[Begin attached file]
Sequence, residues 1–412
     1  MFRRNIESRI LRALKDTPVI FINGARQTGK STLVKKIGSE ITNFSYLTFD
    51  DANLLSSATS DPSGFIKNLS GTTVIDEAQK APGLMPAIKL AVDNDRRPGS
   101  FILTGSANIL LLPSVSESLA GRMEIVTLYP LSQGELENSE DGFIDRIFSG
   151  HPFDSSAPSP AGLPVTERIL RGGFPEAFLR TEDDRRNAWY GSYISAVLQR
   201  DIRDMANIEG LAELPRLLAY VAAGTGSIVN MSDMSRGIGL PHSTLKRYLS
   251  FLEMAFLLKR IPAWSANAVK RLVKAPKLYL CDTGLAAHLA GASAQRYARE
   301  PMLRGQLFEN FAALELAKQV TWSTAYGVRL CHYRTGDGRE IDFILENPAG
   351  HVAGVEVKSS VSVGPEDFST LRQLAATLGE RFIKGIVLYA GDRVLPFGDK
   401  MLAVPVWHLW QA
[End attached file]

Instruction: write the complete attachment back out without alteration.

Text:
Sequence, residues 1–412
     1  MFRRNIESRI LRALKDTPVI FINGARQTGK STLVKKIGSE ITNFSYLTFD
    51  DANLLSSATS DPSGFIKNLS GTTVIDEAQK APGLMPAIKL AVDNDRRPGS
   101  FILTGSANIL LLPSVSESLA GRMEIVTLYP LSQGELENSE DGFIDRIFSG
   151  HPFDSSAPSP AGLPVTERIL RGGFPEAFLR TEDDRRNAWY GSYISAVLQR
   201  DIRDMANIEG LAELPRLLAY VAAGTGSIVN MSDMSRGIGL PHSTLKRYLS
   251  FLEMAFLLKR IPAWSANAVK RLVKAPKLYL CDTGLAAHLA GASAQRYARE
   301  PMLRGQLFEN FAALELAKQV TWSTAYGVRL CHYRTGDGRE IDFILENPAG
   351  HVAGVEVKSS VSVGPEDFST LRQLAATLGE RFIKGIVLYA GDRVLPFGDK
   401  MLAVPVWHLW QA